I have been thinking on a phrase that Caesar used in his De Bello Gallico for a while now. Perhaps I am just overthinking it (yes, it happens) but I really like how the sentence speaks to his battle tactics.
Caesari omnia uno tempore erant agenda.
To Caesar, all things had to be done at a single time.
Para César, todas las cosas debian de haber sido hechas en un sólo momento.
The composition of the sentence, which flows quite well in the Latin, needs all sorts of prepositions and complex participles to make it work in English and Spanish. I could render it in English somewhat all-encompassing-like (how’s that for an adverb) without losing a lot of the meaning but, surprisingly, the Spanish gave me a lot of trouble. The verb to be, usually smooth in the Spanish, was somewhat awkward here, perhaps due to the language’s aversion to participles. Who knows.
The cool thing about this bit of writing, is that Caesar is talking about himself in the third person. Caesari is Caesar himself, in the Dative. Not only is he third person, but he makes himself the Indirect Object of the sentence (and the verb). Humility? I doubt it. Rather, he was expressing his opinion about a fact that he had experienced, and that all should consider, especially since he knew first hand. Sometimes will will construct something like ‘to me, it seems the best…’ In that sense, we are placing ourselves as an indirect actor, allowing the real subject of the sentence to come through in hopes that we can carry a point. So, what is our subject, if not almighty Caesar? Everything.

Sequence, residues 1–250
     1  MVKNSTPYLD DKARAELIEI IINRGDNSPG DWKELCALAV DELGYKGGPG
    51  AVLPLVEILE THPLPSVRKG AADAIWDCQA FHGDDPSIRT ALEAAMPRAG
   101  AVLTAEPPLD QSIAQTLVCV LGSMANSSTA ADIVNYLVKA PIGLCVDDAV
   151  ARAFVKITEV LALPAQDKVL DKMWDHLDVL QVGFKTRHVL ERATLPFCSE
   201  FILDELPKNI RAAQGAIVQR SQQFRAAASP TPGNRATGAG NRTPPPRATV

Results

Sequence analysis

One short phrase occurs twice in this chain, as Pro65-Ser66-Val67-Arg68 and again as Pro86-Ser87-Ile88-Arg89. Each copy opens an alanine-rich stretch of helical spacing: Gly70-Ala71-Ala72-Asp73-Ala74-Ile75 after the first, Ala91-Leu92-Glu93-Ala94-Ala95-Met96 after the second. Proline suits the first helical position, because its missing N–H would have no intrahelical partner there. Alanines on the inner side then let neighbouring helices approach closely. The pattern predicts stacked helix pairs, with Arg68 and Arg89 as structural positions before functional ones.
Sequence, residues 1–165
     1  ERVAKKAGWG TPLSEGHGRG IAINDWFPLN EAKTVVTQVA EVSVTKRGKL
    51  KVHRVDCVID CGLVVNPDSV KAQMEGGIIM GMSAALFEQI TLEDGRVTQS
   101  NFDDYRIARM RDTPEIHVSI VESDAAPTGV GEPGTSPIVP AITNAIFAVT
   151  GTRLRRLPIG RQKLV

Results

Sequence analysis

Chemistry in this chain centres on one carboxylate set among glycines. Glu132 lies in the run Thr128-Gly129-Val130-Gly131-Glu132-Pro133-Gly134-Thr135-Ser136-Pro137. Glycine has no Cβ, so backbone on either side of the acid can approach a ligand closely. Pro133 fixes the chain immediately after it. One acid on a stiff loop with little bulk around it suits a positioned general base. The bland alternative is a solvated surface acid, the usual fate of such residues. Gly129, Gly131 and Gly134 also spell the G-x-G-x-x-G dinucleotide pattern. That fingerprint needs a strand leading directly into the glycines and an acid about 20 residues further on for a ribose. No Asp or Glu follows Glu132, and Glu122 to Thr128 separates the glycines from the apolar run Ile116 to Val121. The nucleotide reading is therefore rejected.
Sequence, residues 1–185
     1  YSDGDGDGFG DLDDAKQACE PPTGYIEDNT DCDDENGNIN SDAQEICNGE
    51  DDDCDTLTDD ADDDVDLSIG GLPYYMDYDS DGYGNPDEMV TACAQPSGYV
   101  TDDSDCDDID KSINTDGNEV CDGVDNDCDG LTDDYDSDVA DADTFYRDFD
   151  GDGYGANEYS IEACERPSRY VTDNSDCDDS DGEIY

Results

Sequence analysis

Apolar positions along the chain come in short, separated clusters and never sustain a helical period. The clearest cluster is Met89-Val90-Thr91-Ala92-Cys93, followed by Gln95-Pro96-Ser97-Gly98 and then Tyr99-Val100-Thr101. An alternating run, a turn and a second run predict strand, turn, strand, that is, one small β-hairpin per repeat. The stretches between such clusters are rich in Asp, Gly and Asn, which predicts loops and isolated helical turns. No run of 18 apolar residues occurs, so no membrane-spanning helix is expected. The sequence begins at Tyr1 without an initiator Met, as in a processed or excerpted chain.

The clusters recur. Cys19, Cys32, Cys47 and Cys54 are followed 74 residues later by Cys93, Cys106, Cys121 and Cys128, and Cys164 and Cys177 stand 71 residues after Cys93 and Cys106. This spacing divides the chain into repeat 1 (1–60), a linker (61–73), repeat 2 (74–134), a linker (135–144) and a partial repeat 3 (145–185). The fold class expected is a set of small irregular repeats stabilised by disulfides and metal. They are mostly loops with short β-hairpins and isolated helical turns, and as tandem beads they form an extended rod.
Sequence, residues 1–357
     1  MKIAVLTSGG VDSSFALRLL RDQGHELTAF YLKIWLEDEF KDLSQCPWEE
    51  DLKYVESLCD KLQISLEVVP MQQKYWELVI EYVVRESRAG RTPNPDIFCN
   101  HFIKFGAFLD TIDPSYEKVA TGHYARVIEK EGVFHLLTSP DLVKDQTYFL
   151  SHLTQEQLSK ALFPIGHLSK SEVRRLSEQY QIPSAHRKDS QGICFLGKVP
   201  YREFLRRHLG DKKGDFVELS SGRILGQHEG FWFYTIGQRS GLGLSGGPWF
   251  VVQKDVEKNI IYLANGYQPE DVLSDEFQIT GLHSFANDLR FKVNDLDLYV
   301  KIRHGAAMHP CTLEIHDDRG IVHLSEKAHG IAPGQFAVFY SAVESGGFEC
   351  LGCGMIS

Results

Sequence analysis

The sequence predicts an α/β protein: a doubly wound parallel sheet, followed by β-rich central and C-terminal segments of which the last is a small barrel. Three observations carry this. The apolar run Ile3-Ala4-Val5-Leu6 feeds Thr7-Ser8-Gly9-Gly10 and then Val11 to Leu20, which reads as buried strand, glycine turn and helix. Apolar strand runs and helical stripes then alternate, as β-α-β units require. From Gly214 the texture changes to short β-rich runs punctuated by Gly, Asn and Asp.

No, literally, omnia is the subject of the sentence. This little word in the nominative case and neuter gendered (I am not a fan of the neuters because they like to make you think they are direct objects – accusatives – when they aren’t) literally means ‘all things.’ ‘Everything’ as the subject seems almost fallacious. After all, no one can like ‘every kind of food,’ or ‘every person,’ or even ‘every good thing;’ but the use of the expression brings Caesar’s mind to us in an interesting way. The guy loved his extremes. Believe or not, conservatives tend to be far more all encompassing in their statements than liberals or democrats (ya, I just went there), and therefore use more words like ‘every,’ ‘always,’ ‘never,’ or ‘none’ more often than the aforementioned people. Why? Conservatism is pretty close to an ‘all or nothing’ sort of philosophy. In other words, conservatives are like the Sith.